Chapter

Eighth-Day Circumcision in <i>Jubilees</i>

Matthew Thiessen

in Contesting Conversion

Published in print August 2011 | ISBN: 9780199793563
Published online September 2011 | e-ISBN: 9780199914456 | DOI: http://dx.doi.org/10.1093/acprof:oso/9780199793563.003.0003
Eighth-Day Circumcision in Jubilees

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This chapter discusses Shaye Cohen’s argument that Jewishness, which up until the second century b.c.e. had been defined in terms of ethnic descent, came to be defined in a religious sense. The Hasmoneans helped redefine Jewishness in terms that permitted people who were not born Jews to convert to Judaism. This chapter argues that some Jews rejected this redefinition of Jewishness and reasserted a genealogical definition of Jewishness. The author of the book of Jubilees holds to a genealogical definition of Jewishness. Thus it is important to see how he treated the rite of circumcision. This chapter argues that for Jubilees, covenantal circumcision is eighth-day circumcision—a rite practiced only by Jews. Those who had a Gentile genealogy but underwent circumcision were therefore not becoming Jews, because they were not undergoing the rite at the proper time.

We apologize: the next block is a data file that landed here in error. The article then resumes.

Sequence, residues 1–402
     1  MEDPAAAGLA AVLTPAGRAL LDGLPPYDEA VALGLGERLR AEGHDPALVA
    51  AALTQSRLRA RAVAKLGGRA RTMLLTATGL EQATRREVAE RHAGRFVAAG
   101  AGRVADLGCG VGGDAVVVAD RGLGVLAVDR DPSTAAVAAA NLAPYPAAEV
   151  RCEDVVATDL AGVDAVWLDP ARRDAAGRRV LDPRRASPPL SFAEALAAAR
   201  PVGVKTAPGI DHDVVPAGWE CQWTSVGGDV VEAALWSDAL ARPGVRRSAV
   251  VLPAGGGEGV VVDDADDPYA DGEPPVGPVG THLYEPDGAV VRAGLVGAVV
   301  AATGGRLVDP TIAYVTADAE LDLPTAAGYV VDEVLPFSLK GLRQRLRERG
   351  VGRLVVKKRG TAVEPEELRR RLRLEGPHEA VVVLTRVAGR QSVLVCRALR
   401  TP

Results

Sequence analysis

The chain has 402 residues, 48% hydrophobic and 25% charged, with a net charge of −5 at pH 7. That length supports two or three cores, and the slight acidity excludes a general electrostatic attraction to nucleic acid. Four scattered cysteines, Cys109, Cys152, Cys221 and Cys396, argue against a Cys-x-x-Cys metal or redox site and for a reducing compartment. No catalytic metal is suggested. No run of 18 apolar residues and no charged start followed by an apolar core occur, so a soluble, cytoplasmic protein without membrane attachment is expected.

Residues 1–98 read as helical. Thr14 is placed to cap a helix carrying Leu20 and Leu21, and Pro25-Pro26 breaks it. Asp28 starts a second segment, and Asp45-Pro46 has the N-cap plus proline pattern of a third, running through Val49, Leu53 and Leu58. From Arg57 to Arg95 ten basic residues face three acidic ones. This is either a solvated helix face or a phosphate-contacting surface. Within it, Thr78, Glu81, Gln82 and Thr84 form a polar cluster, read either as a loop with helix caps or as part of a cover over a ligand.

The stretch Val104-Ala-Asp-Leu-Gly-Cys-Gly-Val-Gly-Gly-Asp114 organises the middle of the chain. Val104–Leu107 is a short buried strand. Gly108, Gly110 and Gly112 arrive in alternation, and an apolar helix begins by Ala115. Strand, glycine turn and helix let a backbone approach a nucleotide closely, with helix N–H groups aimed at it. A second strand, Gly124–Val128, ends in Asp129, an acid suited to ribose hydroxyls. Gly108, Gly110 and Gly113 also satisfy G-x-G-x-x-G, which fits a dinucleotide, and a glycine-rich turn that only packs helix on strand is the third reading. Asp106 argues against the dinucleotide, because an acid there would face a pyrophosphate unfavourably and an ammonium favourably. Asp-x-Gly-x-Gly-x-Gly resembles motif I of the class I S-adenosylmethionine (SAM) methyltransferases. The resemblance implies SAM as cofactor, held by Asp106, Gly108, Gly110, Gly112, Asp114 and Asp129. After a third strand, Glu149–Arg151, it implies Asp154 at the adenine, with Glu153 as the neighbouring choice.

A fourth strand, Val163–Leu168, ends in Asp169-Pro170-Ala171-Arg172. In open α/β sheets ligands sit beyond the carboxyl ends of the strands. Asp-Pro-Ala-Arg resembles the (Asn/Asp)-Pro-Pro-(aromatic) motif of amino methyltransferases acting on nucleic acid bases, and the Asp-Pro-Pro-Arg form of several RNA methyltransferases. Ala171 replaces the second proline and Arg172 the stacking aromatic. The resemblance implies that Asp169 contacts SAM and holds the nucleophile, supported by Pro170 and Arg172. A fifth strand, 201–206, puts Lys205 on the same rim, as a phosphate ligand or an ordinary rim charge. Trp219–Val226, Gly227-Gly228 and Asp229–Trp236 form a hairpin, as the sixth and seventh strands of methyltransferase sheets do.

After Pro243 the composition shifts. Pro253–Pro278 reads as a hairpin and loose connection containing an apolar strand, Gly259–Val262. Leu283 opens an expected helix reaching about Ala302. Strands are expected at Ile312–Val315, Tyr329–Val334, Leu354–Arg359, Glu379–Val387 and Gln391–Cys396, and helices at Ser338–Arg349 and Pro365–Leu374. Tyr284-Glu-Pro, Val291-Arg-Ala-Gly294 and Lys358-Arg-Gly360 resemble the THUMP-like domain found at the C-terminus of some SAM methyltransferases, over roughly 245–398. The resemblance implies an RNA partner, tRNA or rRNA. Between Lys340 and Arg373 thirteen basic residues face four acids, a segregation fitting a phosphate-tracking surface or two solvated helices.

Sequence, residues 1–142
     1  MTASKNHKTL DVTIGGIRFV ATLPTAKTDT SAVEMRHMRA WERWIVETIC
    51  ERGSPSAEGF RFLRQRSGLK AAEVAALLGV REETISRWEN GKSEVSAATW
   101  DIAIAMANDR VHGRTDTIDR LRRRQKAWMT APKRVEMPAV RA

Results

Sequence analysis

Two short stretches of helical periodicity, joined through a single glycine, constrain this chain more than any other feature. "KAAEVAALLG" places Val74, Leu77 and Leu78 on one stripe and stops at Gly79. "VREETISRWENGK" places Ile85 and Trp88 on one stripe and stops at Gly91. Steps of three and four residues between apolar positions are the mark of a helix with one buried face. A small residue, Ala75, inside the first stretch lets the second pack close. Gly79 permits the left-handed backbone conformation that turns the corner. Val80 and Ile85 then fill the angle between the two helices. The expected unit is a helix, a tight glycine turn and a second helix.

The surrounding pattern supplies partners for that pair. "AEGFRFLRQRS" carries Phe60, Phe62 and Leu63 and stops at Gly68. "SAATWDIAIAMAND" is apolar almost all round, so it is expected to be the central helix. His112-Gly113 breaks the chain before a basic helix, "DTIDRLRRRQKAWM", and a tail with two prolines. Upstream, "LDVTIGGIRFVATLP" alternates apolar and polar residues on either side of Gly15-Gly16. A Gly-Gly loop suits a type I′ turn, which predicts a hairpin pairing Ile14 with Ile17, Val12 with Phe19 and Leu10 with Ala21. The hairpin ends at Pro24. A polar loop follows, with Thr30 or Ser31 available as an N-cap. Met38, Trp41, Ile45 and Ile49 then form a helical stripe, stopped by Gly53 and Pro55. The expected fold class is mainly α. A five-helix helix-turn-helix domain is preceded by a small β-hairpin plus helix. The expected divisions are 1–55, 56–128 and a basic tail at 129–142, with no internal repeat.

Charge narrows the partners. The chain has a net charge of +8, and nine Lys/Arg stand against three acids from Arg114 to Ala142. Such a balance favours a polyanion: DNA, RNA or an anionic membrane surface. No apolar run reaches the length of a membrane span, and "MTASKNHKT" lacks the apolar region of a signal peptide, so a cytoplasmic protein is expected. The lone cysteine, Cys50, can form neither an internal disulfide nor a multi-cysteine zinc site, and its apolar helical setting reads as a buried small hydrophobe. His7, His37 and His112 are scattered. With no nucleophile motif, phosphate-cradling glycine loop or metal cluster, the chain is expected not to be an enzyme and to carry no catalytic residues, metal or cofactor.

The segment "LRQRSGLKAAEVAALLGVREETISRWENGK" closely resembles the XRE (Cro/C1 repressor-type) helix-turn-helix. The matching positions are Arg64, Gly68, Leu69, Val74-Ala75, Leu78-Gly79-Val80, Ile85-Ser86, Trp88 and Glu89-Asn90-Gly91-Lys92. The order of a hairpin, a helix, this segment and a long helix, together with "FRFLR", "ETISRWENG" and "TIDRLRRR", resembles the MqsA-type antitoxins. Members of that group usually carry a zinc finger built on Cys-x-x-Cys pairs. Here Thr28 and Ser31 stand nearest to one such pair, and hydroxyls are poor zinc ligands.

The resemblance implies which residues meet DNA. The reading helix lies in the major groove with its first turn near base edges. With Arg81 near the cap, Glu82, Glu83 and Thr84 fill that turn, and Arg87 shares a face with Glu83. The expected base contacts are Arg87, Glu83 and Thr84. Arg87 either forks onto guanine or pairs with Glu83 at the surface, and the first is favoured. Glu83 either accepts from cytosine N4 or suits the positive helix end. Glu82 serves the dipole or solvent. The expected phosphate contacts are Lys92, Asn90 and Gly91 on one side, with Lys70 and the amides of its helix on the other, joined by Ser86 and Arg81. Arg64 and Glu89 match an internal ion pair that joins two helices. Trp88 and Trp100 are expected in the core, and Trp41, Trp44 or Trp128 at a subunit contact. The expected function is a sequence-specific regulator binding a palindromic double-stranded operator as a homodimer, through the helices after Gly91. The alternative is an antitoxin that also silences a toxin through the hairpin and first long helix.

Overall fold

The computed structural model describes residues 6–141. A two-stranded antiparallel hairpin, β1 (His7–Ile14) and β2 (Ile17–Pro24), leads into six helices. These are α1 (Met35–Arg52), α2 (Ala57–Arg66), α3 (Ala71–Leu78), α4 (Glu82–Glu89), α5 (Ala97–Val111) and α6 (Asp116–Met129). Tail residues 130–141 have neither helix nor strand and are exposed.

Keywords: Jubilees; Jewishness; circumcision; conversion; genealogy

Chapter.  9816 words. 

Subjects: Judaism and Jewish Studies

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